Recently Ashley Judd has taken on Sarah Palin for encouraging the shooting of wolves in Alaska — from airplanes! She even offered a $150 bounty for the animals’ left foreleg, although a judge struck that decree down.
For background information, see Mark Benjamin’s article “Her deadly wolf program” at Salon.com and Ashley Judd’s video ad at Newsweek’s http://www.salon.com/env/feature/2008/09/08/sarah_palin_wolves.
From a biblical worldview standpoint, aerial shooting of wolves is atrocious. Whatever justification might be brought forth — such as wolves killing domestic animals and causing economic harm; or people have always hunted; or the right to bear firearms and use them hunting — must be subjugated to a higher and more authoritative mandate.
What is that mandate? Stewardship of the Earth. In the first chapter of Genesis, God places men and women, who are made “in God’s image,” as his agents or vice-regents on the Earth. He tells the man and the woman to rule over or take dominion over (Hebrew: mashal) the created order. By no means can that mean to rape and plunder the Earth with no concern or care for it.
A little later in Genesis (chapter 2), the man is told to “work” it (Hebrew: abad) the garden and to “tend,” “care for” or “watch over” (Hebrew: shamar) it. The Earth is our home, our “garden.” We need to work it, tend it, care for it, and watch over it. We can’t just unthinkingly trash it, pollute it, and subject it to harm.
It also implies that we need to act toward the creation with some compassion and respect. We can’t act on the environment with reckless abandon or cruelty.
Psalm 24 says, “The Earth is the Lord’s, and the fulness thereof.” What resources we use, we borrow from the Earth and, consequently, from God. Therefore, we must think about future generations, not just our own.
It follows, then, that Christians who claim they believe the biblical worldview must (in some sense) be environmentalists. That doesn’t mean we will agree on how to address every environmental issue. People will argue about how to rationally and prudently achieve stewardship goals.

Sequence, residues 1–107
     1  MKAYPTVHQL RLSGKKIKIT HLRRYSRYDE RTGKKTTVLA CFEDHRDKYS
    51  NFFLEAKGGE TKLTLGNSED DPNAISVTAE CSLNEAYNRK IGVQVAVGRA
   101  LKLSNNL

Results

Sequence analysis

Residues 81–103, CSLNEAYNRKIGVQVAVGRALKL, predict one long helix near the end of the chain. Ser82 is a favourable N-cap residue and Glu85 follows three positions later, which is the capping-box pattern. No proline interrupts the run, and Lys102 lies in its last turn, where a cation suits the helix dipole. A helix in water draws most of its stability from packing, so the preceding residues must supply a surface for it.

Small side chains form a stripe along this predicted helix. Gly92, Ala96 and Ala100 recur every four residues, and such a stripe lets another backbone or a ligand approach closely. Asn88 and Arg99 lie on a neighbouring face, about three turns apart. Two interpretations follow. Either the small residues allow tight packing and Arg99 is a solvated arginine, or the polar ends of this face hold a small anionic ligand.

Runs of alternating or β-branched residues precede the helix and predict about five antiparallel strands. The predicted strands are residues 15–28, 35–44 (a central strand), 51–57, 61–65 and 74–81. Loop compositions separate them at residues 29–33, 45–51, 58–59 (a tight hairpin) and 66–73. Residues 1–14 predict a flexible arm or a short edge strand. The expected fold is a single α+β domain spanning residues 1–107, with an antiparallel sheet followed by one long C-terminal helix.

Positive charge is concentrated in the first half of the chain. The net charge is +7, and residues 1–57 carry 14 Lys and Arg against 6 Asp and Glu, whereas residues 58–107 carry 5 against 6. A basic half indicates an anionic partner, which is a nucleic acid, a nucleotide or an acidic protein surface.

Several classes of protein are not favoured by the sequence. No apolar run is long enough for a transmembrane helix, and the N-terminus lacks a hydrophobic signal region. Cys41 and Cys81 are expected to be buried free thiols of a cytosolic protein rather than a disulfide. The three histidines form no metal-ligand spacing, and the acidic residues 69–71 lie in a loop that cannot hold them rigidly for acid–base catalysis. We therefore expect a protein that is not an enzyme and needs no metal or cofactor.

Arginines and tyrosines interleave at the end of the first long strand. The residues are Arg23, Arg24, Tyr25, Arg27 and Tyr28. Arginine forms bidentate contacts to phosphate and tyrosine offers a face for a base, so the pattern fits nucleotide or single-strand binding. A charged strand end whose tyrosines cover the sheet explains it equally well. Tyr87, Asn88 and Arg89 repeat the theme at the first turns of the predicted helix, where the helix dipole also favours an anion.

But it does mean that we must take seriously the commission God has given humans to steward and take care of the land and the creatures in the Earth that populate the planet with us.
Unfortunately, shooting wolves from airplanes doesn’t qualify as compassionate or rational stewardship. Sarah Palin doesn’t understand this basic biblical worldview fact.
As Christians and as environmentalists, we need to be concerned about wildlife in general, including wolves specifically. Wolves are predators, but that doesn’t make them bad. They’re just acting according to their natures; they’re doing what wolves are designed to do.
(For example, do good research on the wolf population, rather than act prejudicially against them. If the good research shows that wolf population must be thinned out, at least give the wolves a fighting chance. Make the hunters put some boots on and get out of their vehicles. And outlaw hunting wolves from airplanes, for crying ut loud!)
I’m not suggesting that humans have no privileged place on this planet; as creatures made in the image of God, and as supposedly rational, we clearly do.
I’m also not suggesting that animal interests must always trump human interests (as they seem to with some environmentalists). However, we do need to consider that animal interests may very well coincide with our own.
I’m arguing for biblical stewardship, rational balance of interests and avoiding cruelty. That shouldn’t be too much to ask.